Artistic representations on large upright slabs

Fine, more difficult to interpret, incisions were also observed on a large slab measuring approximately 50 cm at its greatest length. This piece was discovered broken on an occupation floor among a very large number of knapped flint pieces. This object represents an extremely rare and little known form of artistic expression as it suggests an art form made on an upright stone slab, displayed within a domestic space. Visible to all, this piece is very different from the paintings and engravings in decorated caves, which were probably largely
inaccessible to “ordinary” people. Because it would have been difficult to transport, this piece is also not a portable art object.

The Magdalenian of Bellegarde

The Paleolithic site of Bellegarde was explored across approximately 2,000 m2 by Inrap archaeologists in 2016. The extension of a landfill waste site prompted a preventive excavation. The site contains an exceptional succession of occupations divided into five large phases encompassing around 6,000 years and covering nearly all of the Magdalenian, from 20,000 to 14,000 years BCE. The sequence has yielded 17, remarkably coherent 14C dates. Due to these homogeneous, representative, and well-dated assemblages, Bellegarde will become a reference site at the regional and national level.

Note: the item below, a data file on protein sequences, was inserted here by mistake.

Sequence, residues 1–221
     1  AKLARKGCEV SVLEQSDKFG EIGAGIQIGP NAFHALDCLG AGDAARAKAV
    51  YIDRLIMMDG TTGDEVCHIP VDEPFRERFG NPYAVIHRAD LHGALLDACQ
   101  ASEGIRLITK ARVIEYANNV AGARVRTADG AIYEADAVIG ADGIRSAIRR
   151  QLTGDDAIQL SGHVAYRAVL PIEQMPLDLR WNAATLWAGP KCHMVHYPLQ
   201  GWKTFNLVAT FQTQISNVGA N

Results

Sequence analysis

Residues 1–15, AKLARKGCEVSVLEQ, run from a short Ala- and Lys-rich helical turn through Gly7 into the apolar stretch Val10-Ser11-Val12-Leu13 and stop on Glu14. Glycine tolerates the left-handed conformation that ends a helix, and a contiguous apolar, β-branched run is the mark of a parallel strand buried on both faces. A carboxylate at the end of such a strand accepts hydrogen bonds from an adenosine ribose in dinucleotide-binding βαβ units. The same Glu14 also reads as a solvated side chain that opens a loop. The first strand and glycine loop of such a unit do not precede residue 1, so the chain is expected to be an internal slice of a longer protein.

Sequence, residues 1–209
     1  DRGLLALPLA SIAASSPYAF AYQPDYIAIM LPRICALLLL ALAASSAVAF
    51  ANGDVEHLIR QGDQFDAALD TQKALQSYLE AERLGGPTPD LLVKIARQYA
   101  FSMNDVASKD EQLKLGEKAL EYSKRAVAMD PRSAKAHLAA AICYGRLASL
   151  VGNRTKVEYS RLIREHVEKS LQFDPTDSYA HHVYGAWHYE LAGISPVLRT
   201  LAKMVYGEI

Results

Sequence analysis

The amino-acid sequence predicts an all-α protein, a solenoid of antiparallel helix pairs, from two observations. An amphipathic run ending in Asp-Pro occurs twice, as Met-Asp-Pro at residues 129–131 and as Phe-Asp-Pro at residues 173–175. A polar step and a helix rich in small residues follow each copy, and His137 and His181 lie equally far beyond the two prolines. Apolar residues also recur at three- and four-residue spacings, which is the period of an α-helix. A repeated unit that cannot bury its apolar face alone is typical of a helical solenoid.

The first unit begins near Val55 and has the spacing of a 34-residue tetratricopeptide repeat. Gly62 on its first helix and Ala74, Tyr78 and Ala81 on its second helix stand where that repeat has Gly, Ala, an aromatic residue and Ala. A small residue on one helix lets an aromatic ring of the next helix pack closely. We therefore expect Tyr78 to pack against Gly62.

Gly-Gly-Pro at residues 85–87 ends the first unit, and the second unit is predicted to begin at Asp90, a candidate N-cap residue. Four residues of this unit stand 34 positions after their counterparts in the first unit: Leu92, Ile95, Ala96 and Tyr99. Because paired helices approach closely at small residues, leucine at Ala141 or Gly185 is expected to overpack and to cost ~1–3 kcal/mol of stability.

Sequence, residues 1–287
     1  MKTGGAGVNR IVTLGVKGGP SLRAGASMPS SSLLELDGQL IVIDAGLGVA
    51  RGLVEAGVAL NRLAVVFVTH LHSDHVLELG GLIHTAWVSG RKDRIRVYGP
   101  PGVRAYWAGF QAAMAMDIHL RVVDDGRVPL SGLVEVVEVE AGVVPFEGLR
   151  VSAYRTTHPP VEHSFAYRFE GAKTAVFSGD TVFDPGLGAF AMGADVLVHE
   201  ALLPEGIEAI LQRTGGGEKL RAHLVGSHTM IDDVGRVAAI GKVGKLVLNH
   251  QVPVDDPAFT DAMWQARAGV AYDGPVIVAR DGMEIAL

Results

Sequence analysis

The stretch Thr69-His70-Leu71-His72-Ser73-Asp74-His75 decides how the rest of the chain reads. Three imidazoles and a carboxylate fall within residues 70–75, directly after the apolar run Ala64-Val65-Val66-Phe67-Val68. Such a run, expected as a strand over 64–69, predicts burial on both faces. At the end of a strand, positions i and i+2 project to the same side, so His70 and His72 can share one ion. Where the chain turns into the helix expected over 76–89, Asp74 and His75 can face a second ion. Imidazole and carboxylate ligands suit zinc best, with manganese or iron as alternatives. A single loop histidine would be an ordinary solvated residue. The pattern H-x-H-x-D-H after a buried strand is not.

A total of 24,000 liters of sediments have been water-sieved, enabling the collection of a large number of flint tools and weapons, sometimes made on very small microbladelets. The meticulous excavation and sorting of sieved sediments yielded information concerning the site’s paleoenvironment. Reindeer bones indicated a cold climate. Temperatures lower than current ones are confirmed by the presence of sylvester pine and birch charcoal. Several occupation levels also yielded small perforated shells originating from the banks of the Mediterranean Sea. Some of these shells bear use-wear indicating they were worn as beads, suspended or sewn onto clothing.